Birthday boy Herath stars in Sri Lankan win
Sri Lanka 346 (Sangakkara 139, Chandimal 102) and 160 for 3 (Dilshan 57, Sangakkara 55) beat Bangladesh 240 (Mominul64, Herath 5-68) and 265 (Tamim 59, Herath 7-89) by seven wickets
Scorecard and ball-by-ball details
Since Muttiah Muralitharan's retirement in 2010, Sri Lanka had won only four Tests. Rangana Herath's figures in those are: 9 for 128, 12 for 171, 5 for 121 and 11 for 108. They completed their fifth victory on Tuesday at the R Premadasa Stadium, and Herath was instrumental yet again - marking his 35th birthday with figures of 12 for 157 to strangle Bangladesh and set up a 1-0 series win.
There was the added joy of completing 200 Test scalps for Herath. In the last two years alone, he has taken more Test wickets than any Sri Lankan has in their career, barring Murali and Chaminda Vaas.
His heroics have smoothed Sri Lanka's transitional phase. Regulars like Thilan Samaraweera and Prasanna Jayawardene have been discarded, and the Sri Lankan captaincy spot has been a bit of a merry-go-round in the past few years. Anything less than a victory in this series would have heaped the pressure on the new leader, Angelo Mathews, who hasn't had the best of times in the two Tests.
The experienced Herath began the trek towards victory with his bagful of wickets, after which two other senior statesmen, Tillakaratne Dilshan and Kumar Sangakkara, quickened the march with brisk half-centuries that left Sri Lanka on the brink of another series win over Bangladesh.
Herath had undone 80 overs of good work from Bangladesh yesterday with a double-strike late in the final session. In his first three overs today, Bangladesh's chances nearly evaporated. The sixth ball of the day spun and Mominul Haque's attempt at working it to the leg side resulted in a catch at short leg, and soon after he removed the usually reliable Nasir Hossain, who looked to launch the ball towards long-on only for it to turn past his bat and hit the middle of middle stump.
With the lead only 65, it left Mushfiqur Rahim as the only recognised batsmen. To the credit of the Bangladesh lower order, they didn't collapse completely against the rampant Herath. Even between those two early Herath strikes, Mushfiqur charged out and slammed a straight six, and the big strokes regularly flowed as the Bangladesh tail searched for quick runs.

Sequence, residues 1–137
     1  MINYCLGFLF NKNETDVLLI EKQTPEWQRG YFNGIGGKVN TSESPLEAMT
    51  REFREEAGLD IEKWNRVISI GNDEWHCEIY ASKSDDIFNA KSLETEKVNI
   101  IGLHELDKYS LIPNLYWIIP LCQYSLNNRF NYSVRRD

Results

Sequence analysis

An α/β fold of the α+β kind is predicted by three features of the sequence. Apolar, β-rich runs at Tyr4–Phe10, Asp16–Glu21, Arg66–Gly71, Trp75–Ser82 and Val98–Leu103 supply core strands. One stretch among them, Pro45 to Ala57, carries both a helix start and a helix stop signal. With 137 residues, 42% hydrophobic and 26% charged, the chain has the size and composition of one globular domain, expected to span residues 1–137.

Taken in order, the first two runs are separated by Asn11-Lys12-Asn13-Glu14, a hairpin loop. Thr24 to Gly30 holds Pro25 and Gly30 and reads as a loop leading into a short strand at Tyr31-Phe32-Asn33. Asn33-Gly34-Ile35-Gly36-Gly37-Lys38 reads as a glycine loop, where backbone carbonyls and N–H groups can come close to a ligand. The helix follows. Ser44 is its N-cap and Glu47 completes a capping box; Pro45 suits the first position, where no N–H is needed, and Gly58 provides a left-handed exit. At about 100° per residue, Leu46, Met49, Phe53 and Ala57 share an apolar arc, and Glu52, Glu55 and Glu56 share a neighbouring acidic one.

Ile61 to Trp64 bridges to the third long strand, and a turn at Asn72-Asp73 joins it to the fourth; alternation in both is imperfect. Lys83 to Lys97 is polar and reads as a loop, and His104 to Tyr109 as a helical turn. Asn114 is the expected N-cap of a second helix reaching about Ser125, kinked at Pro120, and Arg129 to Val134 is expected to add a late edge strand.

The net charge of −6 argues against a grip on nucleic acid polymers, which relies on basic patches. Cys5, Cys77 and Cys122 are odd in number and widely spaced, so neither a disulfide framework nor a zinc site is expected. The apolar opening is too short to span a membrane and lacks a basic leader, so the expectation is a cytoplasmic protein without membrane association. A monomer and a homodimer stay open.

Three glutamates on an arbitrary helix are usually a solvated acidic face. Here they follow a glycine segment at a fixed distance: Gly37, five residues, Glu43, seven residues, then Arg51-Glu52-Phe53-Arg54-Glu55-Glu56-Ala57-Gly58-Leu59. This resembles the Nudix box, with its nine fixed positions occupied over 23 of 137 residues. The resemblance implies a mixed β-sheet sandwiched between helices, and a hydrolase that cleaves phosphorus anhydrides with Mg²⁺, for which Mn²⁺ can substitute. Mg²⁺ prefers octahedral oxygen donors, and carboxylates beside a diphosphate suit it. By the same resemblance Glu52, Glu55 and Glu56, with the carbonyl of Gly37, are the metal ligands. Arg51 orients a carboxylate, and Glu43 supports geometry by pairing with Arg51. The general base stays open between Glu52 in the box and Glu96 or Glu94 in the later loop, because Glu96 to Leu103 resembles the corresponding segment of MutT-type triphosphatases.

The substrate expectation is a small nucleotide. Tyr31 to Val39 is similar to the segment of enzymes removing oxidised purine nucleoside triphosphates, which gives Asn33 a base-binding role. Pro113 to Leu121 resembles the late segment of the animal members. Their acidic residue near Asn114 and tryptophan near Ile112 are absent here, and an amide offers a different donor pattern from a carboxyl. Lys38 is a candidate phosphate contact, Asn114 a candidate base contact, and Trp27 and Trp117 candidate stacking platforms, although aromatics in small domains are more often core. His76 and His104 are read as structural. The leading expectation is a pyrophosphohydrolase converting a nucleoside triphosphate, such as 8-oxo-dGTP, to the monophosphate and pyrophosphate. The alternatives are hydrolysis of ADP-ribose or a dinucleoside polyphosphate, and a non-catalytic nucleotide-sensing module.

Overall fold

Sohag Gazi typified that approach. In the first over of the second new ball, he was put down in the cordon by Dimuth Karunaratne, which only prompted a series of boundaries - three off his next four deliveries before he was caught at long-on looking to clear the rope.
Sri Lanka's catching has been below-par in this match, but Angelo Mathews snapped up his second sharp take at slip to dismiss Mushfiqur for 40, with the lead at 122. There was no quick finish as Abul Hasan, who hit the headlines with a whirlwind debut century last November, again showed off his hitting ability, striking a couple of big sixes to push the lead past 150.
With the tailenders hitting out against the spinners, Sri Lanka turned to the pace of Shaminda Eranga. It took him only five deliveries to finish off the innings, following up a bouncer with a yorker that cannoned towards the base of offstump, leaving Sri Lanka a target of 160.
Sri Lanka began the chase brightly, but Dimuth Karunaratne failed again, which means he has only one half-century in his previous 10 Test innings. Karunaratne shouldered arms to an incoming delivery to be lbw for 16. Any nerves for the home side though were eased by a stream of boundaries from Dilshan, while Sangakkara continued to show the form that has fetched him three centuries in three innings in this series. The pair put on a 94-run stand to erase any doubts over a Sri Lankan victory.
It was another defeat for Bangladesh, but it wasn't all gloom for them, especially considering the hammering they have usually received on visits to Sri Lanka. Though it was a flat track in Galle, Bangladesh's notoriously fragile batting showed plenty of backbone after Sri Lanka had piled up a big total. Even in this defeat, they regularly pushed Sri Lanka, making the home side work hard for victory. There was improvement, but not enough to force a favourable result.
Siddarth Ravindran is a senior sub-editor at ESPNcricinfo